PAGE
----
How Did HIV Spread?
Download
1 / 35

Cities - PowerPoint PPT Presentation


  • 111 Views
  • Updated On :

How Did HIV Spread?. Cities. dirty needles, unsafe blood transfusions. more sexual partners . greater mobility. How Did HIV Spread?. Jet travel. How Did HIV Spread?. How was the Epidemic Discovered?. HIV spread silently around the world for fifty years. 1930s. 1981.

loader
I am the owner, or an agent authorized to act on behalf of the owner, of the copyrighted work described.
capcha
Download Presentation

PowerPoint Slideshow about 'Cities' - tahmores


An Image/Link below is provided (as is) to download presentation

Download Policy: Content on the Website is provided to you AS IS for your information and personal use and may not be sold / licensed / shared on other websites without getting consent from its author.While downloading, if for some reason you are not able to download a presentation, the publisher may have deleted the file from their server.


- - - - - - - - - - - - - - - - - - - - - - - - - - E N D - - - - - - - - - - - - - - - - - - - - - - - - - -
Presentation Transcript

How Did HIV Spread?

Cities

  • dirty needles, unsafe blood transfusions

  • more sexual partners

  • greater mobility




How was the Epidemic Discovered?

HIV spread silently around the world for fifty years

1930s

1981


How was the Epidemic Discovered?

June 5, 1981

  • Five cases

  • Los Angeles

  • pneumocystis pneumonia

30 Morbidity and Mortality Weekly Report 250

http://www.cdc.gov/mmwr/preview/mmwrhtml/00043494.htm


=

APB

all points bulletin


How was the Epidemic Discovered?

November 5, 1982

  • Just 17 months after the first LA cases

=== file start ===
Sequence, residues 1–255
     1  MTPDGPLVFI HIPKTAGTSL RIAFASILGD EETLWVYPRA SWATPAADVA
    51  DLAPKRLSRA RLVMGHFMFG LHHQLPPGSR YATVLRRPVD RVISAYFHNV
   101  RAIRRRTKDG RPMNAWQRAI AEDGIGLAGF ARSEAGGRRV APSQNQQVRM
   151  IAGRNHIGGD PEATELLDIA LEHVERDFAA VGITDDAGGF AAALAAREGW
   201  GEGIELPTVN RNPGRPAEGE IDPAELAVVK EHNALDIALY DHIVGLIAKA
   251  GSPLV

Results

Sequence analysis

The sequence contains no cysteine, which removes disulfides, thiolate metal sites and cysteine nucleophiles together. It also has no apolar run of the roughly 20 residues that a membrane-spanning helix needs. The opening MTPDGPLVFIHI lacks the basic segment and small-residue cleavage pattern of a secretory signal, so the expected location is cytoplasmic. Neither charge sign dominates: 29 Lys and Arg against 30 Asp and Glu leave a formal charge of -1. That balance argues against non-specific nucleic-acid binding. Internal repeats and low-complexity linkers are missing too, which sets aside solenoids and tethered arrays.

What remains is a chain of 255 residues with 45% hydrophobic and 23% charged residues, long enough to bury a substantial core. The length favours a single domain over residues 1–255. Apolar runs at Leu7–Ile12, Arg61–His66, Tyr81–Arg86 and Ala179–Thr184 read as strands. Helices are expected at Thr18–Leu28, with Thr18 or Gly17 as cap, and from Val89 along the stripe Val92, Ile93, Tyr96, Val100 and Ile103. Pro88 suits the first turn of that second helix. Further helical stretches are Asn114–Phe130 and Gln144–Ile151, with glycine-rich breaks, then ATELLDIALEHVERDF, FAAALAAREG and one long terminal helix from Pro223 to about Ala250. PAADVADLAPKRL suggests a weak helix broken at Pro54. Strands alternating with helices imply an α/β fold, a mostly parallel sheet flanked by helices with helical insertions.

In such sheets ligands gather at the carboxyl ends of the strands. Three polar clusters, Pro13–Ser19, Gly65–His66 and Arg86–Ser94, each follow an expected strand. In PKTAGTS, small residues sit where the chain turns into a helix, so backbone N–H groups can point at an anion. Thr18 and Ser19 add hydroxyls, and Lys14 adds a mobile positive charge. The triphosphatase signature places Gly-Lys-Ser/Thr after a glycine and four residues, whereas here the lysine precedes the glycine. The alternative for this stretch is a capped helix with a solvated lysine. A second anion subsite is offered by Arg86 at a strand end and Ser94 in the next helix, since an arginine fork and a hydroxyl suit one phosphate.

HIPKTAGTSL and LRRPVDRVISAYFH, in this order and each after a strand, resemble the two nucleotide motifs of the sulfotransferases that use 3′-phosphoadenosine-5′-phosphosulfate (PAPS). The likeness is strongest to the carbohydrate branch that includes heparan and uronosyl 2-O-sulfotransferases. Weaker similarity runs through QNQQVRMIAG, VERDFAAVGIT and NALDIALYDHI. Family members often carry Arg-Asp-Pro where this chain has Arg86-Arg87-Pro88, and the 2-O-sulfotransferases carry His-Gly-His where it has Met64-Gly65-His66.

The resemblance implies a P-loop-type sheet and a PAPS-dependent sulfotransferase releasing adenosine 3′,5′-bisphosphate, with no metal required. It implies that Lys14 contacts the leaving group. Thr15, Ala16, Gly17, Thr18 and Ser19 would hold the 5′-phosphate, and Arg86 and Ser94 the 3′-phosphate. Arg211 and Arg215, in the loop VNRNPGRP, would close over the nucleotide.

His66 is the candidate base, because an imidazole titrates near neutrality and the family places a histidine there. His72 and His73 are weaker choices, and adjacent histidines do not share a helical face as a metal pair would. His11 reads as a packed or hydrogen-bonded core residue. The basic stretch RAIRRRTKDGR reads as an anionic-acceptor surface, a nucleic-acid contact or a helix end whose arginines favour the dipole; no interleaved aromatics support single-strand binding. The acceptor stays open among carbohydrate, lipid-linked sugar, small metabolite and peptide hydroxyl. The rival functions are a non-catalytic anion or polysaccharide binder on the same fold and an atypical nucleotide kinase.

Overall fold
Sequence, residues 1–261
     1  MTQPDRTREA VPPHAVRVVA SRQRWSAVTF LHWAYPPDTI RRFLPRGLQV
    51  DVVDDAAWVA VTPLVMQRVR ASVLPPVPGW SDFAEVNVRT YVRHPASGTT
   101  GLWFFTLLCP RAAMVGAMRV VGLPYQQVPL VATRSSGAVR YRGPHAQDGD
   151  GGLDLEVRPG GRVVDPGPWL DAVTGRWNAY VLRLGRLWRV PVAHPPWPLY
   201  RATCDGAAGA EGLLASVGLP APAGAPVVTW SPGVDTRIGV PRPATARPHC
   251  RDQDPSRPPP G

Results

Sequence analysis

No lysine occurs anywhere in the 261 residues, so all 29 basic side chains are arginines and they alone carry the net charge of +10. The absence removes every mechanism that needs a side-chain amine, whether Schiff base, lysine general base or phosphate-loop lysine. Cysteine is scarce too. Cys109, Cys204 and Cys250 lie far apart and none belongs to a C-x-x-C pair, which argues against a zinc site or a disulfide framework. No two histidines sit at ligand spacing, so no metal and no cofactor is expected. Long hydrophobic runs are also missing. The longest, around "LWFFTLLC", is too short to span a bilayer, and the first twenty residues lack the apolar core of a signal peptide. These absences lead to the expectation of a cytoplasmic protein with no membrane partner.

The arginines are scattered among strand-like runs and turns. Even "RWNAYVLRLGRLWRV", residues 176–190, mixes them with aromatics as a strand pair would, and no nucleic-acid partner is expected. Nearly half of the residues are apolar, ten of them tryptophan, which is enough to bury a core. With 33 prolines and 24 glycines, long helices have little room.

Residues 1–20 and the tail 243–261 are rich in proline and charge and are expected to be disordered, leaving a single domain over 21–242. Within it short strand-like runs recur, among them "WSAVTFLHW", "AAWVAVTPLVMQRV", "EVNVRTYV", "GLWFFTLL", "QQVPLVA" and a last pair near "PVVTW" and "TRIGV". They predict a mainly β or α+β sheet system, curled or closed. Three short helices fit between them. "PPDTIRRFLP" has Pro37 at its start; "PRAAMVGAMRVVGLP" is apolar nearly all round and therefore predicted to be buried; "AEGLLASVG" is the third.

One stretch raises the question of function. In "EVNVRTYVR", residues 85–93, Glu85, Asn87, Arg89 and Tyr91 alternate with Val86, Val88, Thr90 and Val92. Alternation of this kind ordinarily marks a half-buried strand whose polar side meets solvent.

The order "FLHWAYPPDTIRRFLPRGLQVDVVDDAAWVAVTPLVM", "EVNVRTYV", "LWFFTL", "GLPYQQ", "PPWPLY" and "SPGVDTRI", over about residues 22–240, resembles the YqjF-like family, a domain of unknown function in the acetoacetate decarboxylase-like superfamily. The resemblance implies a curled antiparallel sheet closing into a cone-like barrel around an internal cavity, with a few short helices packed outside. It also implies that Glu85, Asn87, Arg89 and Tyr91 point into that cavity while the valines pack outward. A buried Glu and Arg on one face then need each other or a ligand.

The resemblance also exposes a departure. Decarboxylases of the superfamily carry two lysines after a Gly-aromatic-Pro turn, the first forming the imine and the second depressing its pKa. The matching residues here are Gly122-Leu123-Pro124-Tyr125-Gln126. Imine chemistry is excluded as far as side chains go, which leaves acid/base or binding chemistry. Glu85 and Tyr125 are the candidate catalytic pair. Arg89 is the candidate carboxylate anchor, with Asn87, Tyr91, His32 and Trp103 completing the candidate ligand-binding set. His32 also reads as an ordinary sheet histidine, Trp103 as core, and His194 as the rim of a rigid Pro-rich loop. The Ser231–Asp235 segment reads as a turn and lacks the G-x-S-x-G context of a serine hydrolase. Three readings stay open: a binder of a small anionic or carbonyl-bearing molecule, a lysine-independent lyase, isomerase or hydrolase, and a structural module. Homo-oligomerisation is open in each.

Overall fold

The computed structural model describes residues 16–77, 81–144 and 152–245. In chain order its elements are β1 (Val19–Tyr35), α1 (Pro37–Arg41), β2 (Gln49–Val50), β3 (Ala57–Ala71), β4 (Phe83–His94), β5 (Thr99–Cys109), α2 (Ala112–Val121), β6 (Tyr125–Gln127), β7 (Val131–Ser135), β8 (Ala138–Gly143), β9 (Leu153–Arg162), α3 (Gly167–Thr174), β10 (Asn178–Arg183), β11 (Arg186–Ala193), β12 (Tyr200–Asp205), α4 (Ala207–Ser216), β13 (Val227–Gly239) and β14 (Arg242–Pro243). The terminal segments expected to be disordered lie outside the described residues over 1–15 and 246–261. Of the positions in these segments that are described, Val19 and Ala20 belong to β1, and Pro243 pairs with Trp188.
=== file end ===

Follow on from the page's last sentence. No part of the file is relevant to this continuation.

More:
• Similar pattern: hepatitis B

  • Possible cause:

  • unidentified bloodborne agent

31 Morbidity and Mortality Weekly Report at 577

http://www.cdc.gov/mmwr/preview/index82.html


How was the Epidemic Discovered?

December 10, 1982

  • 1 month later

  • Infant: multiple blood transfusions developed AIDS

  • Donor had developed AIDS

31 Morbidity and Mortality Weekly Report at 652

http://www.cdc.gov/mmwr/preview/index82.html


How was the Epidemic Discovered?

And six months later?


How was the Epidemic Discovered?

June 1983

  • French announce:

  • New bloodborne pathogen


How was the Epidemic Discovered?

2008 The Nobel Prize in Physiology or Medicine

Françoise Barré-Sinoussi

Luc Montagnier



How was the Epidemic Discovered?

HIV

Human

Virus

Immunodeficiency


How was the Epidemic Discovered?

June 1981

June 1983

24 months


HIV

is

bloodborne


The Law

Discrimination:

People living with HIV & AIDS

have the

same civil rights

as all persons living with

serious illness.

Mainstreaming Principle


The Law

Workplace Safety:

Treat all blood,

Universal precautions:

at all

as if it is infectious.

from all sources,

times,

How We Protect Others


The Law

Privacy and Confidentiality:

to protect

Heightened privacy protections

people living with HIV & AIDS

from other people’sfear and stigma.

How -- and Why -- We Specially Protect People with HIV


The Law

Discrimination

Privacy and Confidentiality

Workplace Safety

HIV is Bloodborne


AIDS/HIV

Epidemics

  • contagious

1955 - 1981

  • new

BriefGolden Age

  • stigma

of

Infectious Disease Control

  • sexuality

  • race

  • death


Case Study #1:

Paramedics

Should HIV information be broadcast?


Case Study #1:

Paramedics

Discrimination

Workplace Safety


Case Study #1:

Paramedics

Privacy and Confidentiality

Workplace Safety


Case Study #1:

Paramedics

Privacy and Confidentiality

Discrimination


Case Study #2:

Dentists

Can dentists refuse to treat persons with HIV

because of therisk to others?

  • Dentist

  • Staff

  • Other patients


Case Study #2:

Dentists

Workplace Safety:

Universal precautions: Treat all blood, at all times, from all sources, as if it is infectious.


Case Study #2:

Dentists

What if there’s an accident???

But . . .

  • Cut off your hand?

  • Jump out the window?


Case Study #2:

Dentists

Early 1980s:

200 HCWs died each year HBV

seroconversion rate 1: 2.5

Late 1980s: HIV

seroconversion rate 1:

250

“remote risk”

lowered further by

post-exposure prophylaxis (PEP)


Case Study #2:

Dentists

US Supreme Court:

School Board of Nassau County v. Arline

480 U.S. 273 (1987)

“significant risk”

“remote risk”


Case Study #2:

Dentists

US Supreme Court:

Bragdon v. Abbott

524 U.S. 624 (1998)

Courts should defer to the reasoned judgement of public health officials,

not the unsupported judgment of a single dentist.



ad